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Re: A success story with apt and rsync

On 6 Jul 2003, Goswin Brederlow wrote:

> Doogie is thinking about extending the Bittorrent protocol for use as
> apt-get method. I talked with him on irc about some design ideas and
> so far it looks realy good if he can get some mirrors to host it.

My plans are to require no additional software to be installed on any server.
This means all files will be pre-generated, and mirrored.  This also means
that a tracker won't be available on that particular mirror, but the block
checksums will still be available.

> The bittorrent protocol organises multiple downloaders so that they
> also upload to each other and thereby reduces the traffic on the main
> server. The extension of the protocol should also utilise http/ftp
> mirrors as sources for the files thereby spreading the load over
> multiple servers evenly.

What this means is that clients will be able to fetch blocks from normal http
and ftp mirrors.  This will be used to start fetching data before connections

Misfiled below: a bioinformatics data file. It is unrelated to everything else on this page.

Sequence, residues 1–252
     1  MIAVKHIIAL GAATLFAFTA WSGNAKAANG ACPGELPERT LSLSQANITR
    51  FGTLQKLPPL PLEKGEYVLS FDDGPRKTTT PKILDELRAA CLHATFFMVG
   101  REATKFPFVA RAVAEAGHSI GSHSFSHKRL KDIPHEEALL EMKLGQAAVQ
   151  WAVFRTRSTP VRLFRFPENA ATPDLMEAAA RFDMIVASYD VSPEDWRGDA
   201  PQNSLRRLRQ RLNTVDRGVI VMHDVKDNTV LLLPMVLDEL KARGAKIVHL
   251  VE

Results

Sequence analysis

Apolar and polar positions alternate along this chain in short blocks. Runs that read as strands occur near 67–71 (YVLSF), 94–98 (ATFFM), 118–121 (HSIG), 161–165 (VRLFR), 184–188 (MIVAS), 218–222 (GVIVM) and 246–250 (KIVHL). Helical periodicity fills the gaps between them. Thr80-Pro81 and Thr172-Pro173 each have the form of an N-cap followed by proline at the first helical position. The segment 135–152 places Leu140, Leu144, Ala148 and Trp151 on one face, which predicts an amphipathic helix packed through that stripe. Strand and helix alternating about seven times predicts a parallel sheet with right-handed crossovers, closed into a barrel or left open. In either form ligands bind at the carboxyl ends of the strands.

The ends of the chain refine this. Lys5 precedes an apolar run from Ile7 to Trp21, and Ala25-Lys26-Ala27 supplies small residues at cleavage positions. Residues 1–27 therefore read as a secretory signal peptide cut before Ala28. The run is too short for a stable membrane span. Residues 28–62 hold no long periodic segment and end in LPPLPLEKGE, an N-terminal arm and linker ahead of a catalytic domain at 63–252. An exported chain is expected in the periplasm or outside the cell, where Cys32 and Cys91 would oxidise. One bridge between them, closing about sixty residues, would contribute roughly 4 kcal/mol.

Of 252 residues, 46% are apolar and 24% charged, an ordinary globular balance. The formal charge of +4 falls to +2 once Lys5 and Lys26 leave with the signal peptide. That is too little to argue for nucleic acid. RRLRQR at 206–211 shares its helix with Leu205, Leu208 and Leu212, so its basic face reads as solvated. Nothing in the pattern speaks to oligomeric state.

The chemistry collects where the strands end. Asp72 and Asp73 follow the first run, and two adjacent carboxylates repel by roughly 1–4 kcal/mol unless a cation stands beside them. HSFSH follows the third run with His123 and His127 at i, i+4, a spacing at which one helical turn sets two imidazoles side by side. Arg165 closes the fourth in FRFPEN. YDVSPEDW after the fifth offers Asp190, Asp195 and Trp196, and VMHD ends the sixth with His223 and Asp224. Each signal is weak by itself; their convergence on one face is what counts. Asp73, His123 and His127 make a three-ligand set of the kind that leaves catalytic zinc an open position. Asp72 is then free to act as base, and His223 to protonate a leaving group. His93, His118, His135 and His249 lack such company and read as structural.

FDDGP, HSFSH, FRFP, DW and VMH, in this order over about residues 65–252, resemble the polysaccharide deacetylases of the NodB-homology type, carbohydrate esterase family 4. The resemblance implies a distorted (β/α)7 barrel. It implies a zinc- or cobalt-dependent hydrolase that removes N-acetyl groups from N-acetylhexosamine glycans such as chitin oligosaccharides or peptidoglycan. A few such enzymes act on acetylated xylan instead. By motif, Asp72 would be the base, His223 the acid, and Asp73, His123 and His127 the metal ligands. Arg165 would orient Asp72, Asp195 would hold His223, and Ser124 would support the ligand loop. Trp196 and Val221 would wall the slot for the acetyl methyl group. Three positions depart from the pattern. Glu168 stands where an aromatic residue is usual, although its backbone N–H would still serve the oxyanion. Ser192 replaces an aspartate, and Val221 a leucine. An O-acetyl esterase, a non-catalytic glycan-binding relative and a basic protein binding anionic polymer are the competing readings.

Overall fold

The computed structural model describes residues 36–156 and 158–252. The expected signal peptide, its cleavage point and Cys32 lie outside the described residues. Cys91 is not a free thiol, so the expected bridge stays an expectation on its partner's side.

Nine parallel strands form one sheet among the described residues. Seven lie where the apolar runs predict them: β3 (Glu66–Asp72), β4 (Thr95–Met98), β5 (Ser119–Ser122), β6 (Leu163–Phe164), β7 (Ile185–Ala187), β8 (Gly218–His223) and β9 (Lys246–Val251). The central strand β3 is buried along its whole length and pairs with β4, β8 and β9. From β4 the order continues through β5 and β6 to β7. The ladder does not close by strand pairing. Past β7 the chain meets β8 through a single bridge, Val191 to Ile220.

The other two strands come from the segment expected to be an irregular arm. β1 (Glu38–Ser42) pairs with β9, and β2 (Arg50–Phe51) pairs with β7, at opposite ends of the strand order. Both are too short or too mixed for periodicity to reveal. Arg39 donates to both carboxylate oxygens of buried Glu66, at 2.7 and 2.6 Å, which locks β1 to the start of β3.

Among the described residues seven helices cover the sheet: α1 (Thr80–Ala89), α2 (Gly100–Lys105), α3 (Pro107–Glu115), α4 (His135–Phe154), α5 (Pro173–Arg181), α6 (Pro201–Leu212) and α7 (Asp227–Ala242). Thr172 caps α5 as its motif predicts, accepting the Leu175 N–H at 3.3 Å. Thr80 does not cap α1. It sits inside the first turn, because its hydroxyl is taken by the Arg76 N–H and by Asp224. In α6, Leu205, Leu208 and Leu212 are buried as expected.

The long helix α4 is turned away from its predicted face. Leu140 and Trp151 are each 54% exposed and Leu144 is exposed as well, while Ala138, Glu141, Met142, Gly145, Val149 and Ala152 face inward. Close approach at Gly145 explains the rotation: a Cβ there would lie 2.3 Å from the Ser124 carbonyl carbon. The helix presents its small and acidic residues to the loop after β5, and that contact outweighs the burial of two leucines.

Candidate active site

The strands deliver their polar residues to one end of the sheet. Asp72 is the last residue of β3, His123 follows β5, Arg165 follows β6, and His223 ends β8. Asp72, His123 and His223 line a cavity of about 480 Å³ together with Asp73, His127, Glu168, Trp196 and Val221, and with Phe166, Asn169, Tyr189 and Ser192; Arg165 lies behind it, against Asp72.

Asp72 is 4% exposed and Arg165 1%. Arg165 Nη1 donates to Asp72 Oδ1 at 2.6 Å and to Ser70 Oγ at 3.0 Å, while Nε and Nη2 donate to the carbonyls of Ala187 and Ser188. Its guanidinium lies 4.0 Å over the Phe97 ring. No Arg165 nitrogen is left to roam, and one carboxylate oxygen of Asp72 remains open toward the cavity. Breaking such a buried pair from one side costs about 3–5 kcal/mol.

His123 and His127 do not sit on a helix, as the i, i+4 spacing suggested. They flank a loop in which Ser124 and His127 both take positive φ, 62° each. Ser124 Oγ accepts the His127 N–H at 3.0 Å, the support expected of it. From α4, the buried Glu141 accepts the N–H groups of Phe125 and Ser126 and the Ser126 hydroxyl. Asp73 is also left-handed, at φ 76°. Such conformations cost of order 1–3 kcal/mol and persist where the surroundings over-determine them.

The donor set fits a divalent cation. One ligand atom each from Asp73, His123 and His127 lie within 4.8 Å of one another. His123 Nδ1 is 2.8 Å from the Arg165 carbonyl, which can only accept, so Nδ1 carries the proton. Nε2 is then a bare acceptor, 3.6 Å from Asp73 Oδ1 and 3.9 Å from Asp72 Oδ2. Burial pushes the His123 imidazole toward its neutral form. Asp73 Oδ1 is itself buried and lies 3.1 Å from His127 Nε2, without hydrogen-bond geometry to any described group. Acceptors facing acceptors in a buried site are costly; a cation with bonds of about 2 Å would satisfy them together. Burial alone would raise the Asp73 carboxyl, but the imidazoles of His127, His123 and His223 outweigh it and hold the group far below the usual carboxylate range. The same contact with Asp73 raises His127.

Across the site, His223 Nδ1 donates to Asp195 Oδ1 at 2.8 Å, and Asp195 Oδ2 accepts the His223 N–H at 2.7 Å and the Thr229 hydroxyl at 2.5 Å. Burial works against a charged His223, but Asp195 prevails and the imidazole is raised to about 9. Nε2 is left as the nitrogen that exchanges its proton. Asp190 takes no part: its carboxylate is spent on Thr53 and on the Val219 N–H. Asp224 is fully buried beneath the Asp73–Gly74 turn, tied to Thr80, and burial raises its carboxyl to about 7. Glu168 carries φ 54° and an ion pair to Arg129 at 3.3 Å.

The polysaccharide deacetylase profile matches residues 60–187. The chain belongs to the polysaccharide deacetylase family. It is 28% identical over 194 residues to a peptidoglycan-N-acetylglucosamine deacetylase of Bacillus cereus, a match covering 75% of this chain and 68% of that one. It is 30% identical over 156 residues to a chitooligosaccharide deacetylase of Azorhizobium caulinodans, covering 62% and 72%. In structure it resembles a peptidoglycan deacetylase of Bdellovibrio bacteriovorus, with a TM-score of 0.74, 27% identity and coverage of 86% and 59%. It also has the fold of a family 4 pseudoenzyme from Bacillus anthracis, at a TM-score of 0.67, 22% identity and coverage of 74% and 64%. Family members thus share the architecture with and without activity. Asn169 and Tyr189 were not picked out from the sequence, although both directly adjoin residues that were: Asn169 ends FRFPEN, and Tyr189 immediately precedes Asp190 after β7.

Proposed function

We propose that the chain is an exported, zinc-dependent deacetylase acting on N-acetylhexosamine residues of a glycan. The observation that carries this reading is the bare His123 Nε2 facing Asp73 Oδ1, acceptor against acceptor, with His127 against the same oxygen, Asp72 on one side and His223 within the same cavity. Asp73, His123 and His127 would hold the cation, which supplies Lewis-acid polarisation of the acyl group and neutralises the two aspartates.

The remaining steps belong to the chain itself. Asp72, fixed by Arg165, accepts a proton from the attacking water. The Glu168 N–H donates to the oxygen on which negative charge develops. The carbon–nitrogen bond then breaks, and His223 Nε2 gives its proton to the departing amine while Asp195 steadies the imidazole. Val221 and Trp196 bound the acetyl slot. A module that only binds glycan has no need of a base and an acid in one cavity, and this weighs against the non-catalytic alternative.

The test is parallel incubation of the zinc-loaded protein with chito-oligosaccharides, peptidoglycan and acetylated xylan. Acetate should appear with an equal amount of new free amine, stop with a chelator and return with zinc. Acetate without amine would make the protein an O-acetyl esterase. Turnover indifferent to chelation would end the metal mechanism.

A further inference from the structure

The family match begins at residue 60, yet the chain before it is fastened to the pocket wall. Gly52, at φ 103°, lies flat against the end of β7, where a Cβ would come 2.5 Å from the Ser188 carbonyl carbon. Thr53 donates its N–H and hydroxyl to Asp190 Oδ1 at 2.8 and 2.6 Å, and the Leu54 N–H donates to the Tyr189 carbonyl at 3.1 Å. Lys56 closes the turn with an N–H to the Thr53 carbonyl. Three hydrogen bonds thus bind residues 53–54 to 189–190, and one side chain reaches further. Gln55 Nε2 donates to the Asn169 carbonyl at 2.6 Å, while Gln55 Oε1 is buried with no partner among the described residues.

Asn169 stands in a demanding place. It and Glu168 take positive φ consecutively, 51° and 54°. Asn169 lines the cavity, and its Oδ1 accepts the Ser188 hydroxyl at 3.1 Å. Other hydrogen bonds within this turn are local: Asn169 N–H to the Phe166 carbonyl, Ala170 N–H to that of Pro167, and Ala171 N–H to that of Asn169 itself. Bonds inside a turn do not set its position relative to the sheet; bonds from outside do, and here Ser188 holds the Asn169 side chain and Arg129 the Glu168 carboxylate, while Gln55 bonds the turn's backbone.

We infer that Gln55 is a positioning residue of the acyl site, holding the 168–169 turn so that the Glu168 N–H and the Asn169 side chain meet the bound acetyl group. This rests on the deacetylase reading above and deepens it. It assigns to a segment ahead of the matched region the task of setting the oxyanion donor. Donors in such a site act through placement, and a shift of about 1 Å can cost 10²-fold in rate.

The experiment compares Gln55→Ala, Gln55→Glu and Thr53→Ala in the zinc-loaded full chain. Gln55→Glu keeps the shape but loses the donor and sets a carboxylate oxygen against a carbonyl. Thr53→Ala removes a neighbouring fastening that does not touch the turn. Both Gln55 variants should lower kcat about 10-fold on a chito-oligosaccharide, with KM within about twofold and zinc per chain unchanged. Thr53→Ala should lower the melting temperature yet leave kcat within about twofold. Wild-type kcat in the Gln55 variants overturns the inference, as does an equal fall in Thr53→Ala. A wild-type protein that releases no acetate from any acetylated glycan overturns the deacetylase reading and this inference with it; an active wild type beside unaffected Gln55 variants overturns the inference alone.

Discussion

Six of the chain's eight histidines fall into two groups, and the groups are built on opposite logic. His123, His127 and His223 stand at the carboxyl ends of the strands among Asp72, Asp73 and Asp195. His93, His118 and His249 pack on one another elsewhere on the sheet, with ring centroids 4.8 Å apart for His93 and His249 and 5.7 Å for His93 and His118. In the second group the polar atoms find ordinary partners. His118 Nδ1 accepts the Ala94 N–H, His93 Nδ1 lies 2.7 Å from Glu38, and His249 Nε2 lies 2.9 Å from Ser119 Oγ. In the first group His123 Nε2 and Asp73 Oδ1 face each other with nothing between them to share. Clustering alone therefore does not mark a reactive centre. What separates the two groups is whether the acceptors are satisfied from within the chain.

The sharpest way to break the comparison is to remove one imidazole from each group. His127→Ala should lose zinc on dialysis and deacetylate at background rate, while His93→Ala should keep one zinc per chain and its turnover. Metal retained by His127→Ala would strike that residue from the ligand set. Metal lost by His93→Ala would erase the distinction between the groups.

have been opened with peers.

> Bittorrent calculates a hash for each block of a file very similar to
> what rsync needs to work. Via another small extension rolling
> checksums for each block could be included in the protocol and a
> client side rsync can be done. (I heard this variant of rsync would be
> patented in US but never saw real proof of it.)
> All together I think a extended bittorrent module for apt-get is by
> far the better sollution but it will take some more time and designing
> before it can be implemented.

Also, for better sharing, users will have the option of leaving a running
server on their machines.

Additionally, part of my work will include extensions to the tracker to
support tracker peers, and tracker clusters.

Another extension is which tracker to use.  When fetching the .torrent
meta-data, my client will attempt to contact a tracker on the server the
.torrent resides on.  If none is found, it'll fall back to the one encoded in
the .torrent.  This provides for localization of connections, and better

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